Insurance non-renewals hitting mountain communities the hardest
Special to The Union
California Insurance Commissioner Ricardo Lara spoke to Placer County community members at a recent town hall to address concerns over increased insurance cancellations and non-renewals.
“We know 10 of the 20 most destructive wildfires in California history have occurred over the last three years,” said Lara, who noted that as the risk of wildfire increases, so does the cost of insurance while the availability of insurance decreases.
According to the California Department of Insurance, homes that are being hit the hardest with non-renewals are within the Wildland Urban Interface, the zone of land between wildland and human development, such as the North Lake Tahoe areas.
The department reported that more than 9,000 Placer County residents were dropped by their insurers between 2015 and 2018, not including residents who may have been dropped following wildfires in 2018.
“We know that there’s a lack of affordable insurance in the traditional homeowners market in the WUI,” said Lara. “We’re experiencing this tremendous change where non-renewals continue to climb.”
Survey says county costs climbing
A survey sent out by Placer County between July and August showed that half of the 2,156 residents who responded said their homeowners insurance has been canceled or they have received a notice of non-renewal, while 15% said their premiums increased substantially.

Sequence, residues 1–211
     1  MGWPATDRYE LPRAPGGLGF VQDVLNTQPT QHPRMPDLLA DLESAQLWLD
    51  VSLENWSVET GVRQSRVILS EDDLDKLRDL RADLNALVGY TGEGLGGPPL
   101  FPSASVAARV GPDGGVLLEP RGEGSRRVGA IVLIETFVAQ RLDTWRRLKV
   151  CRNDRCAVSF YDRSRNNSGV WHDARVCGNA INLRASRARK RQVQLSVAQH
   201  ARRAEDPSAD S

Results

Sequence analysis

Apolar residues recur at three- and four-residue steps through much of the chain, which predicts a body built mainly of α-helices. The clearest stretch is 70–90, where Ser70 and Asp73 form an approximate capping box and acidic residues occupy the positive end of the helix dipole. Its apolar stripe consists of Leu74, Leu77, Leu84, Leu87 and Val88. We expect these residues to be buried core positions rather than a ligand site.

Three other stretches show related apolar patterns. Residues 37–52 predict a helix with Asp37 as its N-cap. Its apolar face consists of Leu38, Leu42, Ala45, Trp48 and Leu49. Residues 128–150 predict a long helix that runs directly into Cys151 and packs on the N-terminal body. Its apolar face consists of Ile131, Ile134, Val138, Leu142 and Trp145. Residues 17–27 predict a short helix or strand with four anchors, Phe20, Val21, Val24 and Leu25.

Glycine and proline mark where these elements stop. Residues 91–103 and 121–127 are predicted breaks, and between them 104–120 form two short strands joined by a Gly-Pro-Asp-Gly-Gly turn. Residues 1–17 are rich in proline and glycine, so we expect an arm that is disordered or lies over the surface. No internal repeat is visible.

More than 34% of residents who had secured a new policy reported that it cost them more than double the previous one, with several reporting increases of more than 500%.
“Of those that took the survey, over half were non-renewed. That’s well above what the state is reporting,” said Placer County Board Supervisor Cindy Gustafson. “It’s very clear that our communities are being hit the hardest.”
For those whose insurance had been canceled only 14% received a site visit to their home from their insurance company before the cancellation.
LARA: Hardening homes matters
“Insurance companies are not considering your pre-fire mitigation. Many of you don’t even get inspections and you’re still getting dropped,” said Lara. “If you have done everything possible to harden your home we should be able to, as a department, force insurance companies to cover you.”
Lara said he hopes to work with the state legislature to ensure that insurance companies will cover a homeowners have taken every precaution to mitigate the risk of wildfires on their property.
“We’re asking you to harden your homes and do your defensible space,” said Gustafson. “We want the insurers to pay attention to what you’re doing and what we are doing as your municipalities and your counties to help support that.”
To respond to the crisis homeowners are facing the Department of Insurance began dispatching a strike team in August to areas affected by insurance non-renewals. The team is meant to connect residents with resources and assist local governments in responding to the insurance issues.
The department has also began issuing notices to insurers following the 2017 and 2018 fires to ensure claims are handled fairly.
Hannah Jones is a reporter for the Sierra Sun, a sister newspaper of The Union. She can be reached at firstname.lastname@example.org or 530-550-2652.
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